A new program to recruit Perth specialists to provide bulk-billed tele-services to Kalgoorlie is expected to give those from low socio-economic backgrounds equitable access to health care.
The telehealth service will run out of Kalgoorlie Medical Imaging’s new office on Maritana Street, with at least a dozen Perth specialists already on board.
KMI director Peter Tually said the program was intended to support existing services to give marginalised members of the Kalgoorlie community a choice of local access to private specialist care in a culturally appropriate environment.
He said the program was a social rather than a commercial enterprise, with support from a modest Federal Government grant and Medicare-rebatable telehealth services making it possible.
He said he was also reaching out to local mining companies about the possibility of supporting the program.
Mr Tually said the specialists he had approached for the project had shown a “real willingness to help”, suggesting strong support for the initiative.
“These are good-hearted doctors who want to help people who can’t get access to a high standard of care in a timely manner,” he said.
“The idea is to make their level of care comparable to if they lived in Peppermint Grove or another Perth suburb.
“We want to support and work in harmony with the services that are already in place. There wouldn’t be any disruption to the normal pattern of referral from general practitioner to specialist, and the GP remains the primary care giver.
“But we want waiting times to drop and we don’t want someone’s bank balance to be an inhibitor to them receiving important specialist care.”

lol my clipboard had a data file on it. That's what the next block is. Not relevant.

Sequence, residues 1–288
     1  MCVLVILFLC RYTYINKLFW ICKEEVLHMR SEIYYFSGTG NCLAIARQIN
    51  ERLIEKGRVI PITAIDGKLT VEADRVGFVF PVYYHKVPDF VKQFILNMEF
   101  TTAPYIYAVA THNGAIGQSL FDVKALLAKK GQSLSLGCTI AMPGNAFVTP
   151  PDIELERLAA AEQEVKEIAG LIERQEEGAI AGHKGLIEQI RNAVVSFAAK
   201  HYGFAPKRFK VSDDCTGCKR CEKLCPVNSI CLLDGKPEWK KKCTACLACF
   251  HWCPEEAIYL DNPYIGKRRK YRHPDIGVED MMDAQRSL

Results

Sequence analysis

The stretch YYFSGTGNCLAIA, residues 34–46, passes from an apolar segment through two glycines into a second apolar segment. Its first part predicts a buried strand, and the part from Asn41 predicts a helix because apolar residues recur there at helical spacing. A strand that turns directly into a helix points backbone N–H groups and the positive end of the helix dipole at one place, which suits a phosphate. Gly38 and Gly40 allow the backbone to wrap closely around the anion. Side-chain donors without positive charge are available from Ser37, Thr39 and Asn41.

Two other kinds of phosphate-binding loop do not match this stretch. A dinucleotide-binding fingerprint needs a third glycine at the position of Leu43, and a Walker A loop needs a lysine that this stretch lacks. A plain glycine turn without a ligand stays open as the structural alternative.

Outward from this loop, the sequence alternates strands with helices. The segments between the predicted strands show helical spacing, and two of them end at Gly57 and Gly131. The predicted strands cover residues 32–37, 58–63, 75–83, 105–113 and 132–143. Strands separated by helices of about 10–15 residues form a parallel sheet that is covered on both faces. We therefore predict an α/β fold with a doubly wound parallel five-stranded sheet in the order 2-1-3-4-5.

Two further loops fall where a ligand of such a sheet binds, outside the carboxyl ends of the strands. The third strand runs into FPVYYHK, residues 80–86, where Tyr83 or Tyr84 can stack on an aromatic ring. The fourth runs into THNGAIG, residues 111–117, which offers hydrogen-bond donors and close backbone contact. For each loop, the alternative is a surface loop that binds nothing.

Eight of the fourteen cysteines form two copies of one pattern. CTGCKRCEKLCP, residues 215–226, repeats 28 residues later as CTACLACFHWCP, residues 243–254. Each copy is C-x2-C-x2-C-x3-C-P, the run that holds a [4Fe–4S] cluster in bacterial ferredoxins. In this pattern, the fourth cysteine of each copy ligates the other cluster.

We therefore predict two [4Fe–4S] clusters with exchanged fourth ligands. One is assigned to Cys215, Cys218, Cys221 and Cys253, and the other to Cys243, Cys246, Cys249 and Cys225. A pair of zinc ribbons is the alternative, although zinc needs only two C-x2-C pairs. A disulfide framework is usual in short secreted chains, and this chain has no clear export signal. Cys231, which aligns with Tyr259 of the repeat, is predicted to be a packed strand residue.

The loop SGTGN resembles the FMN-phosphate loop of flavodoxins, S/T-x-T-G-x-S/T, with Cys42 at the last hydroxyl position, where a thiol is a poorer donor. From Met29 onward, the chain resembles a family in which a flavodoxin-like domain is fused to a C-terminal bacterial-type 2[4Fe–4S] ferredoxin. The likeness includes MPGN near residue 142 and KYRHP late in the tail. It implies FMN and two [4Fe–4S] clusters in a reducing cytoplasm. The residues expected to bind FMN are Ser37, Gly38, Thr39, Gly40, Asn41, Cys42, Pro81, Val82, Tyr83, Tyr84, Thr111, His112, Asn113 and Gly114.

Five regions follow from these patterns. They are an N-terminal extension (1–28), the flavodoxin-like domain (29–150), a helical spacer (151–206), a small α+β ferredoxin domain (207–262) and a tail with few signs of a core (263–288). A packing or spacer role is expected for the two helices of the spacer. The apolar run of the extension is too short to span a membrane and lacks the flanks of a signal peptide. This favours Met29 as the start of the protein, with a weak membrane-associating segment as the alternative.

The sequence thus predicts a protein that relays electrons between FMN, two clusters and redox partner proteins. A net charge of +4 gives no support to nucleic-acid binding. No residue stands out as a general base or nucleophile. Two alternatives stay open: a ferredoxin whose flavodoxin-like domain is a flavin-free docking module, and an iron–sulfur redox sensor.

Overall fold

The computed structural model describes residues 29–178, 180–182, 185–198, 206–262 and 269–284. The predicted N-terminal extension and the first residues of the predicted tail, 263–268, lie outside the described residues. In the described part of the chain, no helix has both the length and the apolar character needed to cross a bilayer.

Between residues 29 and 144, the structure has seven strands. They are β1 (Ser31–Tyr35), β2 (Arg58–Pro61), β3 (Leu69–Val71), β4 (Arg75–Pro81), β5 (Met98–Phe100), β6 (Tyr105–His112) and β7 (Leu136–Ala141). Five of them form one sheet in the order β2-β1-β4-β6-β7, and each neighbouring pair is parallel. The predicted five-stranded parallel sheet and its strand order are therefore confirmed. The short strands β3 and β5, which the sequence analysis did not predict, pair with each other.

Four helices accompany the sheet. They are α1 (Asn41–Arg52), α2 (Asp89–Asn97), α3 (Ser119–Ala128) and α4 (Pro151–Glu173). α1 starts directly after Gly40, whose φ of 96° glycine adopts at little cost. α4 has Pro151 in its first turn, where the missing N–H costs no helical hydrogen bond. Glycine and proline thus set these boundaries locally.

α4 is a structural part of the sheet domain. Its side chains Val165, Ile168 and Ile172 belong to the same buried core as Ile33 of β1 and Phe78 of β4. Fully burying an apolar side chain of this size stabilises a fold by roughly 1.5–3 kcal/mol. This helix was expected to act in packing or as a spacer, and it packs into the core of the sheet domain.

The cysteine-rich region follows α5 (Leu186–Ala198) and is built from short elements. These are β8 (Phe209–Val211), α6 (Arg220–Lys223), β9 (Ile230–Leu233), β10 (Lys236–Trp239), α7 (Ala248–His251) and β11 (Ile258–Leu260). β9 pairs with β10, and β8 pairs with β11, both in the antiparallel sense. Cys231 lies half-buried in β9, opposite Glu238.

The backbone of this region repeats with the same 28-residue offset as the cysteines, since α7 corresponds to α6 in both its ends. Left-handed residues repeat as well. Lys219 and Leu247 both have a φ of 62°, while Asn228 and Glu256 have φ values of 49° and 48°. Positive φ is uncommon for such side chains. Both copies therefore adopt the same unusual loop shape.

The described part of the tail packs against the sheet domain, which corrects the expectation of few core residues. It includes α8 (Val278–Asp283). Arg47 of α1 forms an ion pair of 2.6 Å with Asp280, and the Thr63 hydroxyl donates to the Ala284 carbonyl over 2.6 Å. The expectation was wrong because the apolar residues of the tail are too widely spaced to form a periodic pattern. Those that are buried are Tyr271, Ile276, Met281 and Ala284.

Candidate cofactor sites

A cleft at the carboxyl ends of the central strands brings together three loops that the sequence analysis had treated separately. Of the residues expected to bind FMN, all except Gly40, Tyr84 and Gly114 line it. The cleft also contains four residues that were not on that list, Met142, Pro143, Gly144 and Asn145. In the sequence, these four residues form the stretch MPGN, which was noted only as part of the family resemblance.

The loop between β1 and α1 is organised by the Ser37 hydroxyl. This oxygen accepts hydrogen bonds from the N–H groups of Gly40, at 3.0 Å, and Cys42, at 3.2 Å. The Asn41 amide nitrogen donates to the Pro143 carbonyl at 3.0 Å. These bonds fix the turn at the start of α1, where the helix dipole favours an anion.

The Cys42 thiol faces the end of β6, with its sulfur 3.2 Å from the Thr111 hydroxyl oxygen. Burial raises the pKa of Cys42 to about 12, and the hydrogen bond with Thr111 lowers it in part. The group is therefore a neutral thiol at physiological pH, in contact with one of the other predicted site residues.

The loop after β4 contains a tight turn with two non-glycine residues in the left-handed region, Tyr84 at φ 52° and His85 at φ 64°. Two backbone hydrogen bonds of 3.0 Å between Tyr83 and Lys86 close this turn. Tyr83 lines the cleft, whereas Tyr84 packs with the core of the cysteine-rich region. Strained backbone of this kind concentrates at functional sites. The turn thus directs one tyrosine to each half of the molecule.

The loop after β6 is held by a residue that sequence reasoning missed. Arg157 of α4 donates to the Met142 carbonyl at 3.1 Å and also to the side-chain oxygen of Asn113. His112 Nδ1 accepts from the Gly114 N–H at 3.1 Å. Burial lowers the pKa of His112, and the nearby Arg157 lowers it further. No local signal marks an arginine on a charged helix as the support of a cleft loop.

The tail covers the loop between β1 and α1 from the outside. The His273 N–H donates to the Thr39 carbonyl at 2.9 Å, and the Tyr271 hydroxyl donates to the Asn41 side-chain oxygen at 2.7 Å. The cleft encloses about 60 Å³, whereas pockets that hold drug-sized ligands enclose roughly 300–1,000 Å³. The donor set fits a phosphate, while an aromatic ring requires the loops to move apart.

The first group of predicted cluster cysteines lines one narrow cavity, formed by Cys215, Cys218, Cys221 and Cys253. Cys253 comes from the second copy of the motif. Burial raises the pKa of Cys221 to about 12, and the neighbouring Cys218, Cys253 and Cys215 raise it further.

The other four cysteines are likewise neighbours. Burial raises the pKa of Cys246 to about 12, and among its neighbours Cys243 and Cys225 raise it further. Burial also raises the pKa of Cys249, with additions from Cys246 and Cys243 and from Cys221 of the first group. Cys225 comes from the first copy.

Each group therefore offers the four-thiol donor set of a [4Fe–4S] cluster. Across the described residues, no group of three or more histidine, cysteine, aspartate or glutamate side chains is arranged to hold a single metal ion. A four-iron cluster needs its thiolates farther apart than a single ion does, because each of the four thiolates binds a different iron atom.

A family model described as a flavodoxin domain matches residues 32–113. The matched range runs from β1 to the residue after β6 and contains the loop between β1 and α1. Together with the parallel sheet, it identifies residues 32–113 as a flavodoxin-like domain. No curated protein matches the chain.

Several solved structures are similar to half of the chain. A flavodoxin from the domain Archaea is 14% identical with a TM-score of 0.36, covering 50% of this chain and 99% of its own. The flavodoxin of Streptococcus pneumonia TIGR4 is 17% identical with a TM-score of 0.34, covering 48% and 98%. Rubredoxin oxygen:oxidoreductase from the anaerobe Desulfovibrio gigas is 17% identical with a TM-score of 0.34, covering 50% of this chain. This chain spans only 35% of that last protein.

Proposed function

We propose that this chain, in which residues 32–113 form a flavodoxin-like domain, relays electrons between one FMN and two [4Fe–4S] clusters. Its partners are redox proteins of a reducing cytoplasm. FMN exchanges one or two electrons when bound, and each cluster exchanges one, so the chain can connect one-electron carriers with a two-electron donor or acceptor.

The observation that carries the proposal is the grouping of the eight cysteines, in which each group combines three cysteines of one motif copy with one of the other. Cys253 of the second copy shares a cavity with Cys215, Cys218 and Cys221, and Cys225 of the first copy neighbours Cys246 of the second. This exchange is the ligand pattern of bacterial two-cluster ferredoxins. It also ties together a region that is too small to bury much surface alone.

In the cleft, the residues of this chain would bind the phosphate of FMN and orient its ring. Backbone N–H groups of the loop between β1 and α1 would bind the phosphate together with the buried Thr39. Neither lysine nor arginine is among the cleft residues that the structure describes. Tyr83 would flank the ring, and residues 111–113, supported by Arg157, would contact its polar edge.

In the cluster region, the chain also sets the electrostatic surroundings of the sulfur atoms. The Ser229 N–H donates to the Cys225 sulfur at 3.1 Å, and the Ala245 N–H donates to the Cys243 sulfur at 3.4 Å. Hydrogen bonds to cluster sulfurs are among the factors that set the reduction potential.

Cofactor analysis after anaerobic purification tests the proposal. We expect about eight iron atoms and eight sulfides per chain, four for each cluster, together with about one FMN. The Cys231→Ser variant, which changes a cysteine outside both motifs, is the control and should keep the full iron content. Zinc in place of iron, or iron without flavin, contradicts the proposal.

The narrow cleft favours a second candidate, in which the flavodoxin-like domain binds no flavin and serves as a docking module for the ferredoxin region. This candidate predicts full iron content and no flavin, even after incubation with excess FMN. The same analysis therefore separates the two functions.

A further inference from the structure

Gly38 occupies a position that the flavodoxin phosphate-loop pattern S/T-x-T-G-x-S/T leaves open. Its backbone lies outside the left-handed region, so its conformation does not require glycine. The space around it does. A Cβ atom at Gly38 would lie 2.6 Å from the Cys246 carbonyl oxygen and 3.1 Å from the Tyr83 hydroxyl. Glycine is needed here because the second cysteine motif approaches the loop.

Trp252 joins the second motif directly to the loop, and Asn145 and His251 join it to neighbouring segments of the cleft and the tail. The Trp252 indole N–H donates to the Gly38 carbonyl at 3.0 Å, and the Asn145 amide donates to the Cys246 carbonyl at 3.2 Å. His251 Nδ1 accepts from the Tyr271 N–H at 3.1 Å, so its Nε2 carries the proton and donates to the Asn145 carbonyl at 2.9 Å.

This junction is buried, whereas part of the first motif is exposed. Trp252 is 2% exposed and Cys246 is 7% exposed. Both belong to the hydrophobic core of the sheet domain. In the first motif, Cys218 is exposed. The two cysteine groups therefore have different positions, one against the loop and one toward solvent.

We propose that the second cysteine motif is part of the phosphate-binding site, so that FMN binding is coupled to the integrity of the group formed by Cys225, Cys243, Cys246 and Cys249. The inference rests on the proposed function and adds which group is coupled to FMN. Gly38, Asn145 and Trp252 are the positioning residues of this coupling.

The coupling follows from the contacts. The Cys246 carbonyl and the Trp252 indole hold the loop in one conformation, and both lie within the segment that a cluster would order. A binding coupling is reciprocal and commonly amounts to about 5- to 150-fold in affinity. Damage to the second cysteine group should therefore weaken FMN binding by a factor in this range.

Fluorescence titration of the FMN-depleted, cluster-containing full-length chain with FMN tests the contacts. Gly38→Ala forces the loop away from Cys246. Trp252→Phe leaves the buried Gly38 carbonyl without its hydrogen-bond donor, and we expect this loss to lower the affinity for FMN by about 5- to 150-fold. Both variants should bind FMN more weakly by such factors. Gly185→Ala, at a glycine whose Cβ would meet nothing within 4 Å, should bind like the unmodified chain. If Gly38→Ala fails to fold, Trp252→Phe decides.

Mr Tually said geography was the “silent killer” in Australia and rural communities continued to suffer the highest rates of mortality and morbidity for many diseases.
He said Kalgoorlie-Boulder was a stereotypical regional town, with a significant lack of both primary and specialist care services and diagnostic testing.
“Presently, the town has the lowest patient to GP ratio in decades and specialists in respiratory and gastrointestinal medicine no longer visit the region,” he said.
He said privately funded Kalgoorlie-Boulder residents who required specialist care could elect to access a telehealth consultation via their GP, at a cost, or travel to Perth to see the specialist of their choice — which also carried a significant cost associated with travel.
“The Australian Bureau of Statistics estimated that in 2016-17 one out of every 14 people who needed to see a specialist miss out because of cost relating to travel and/or medical fees,” he said.
“It’s rare that indigenous Australians or those from lower socio-economic backgrounds gain access to private specialist consultations.”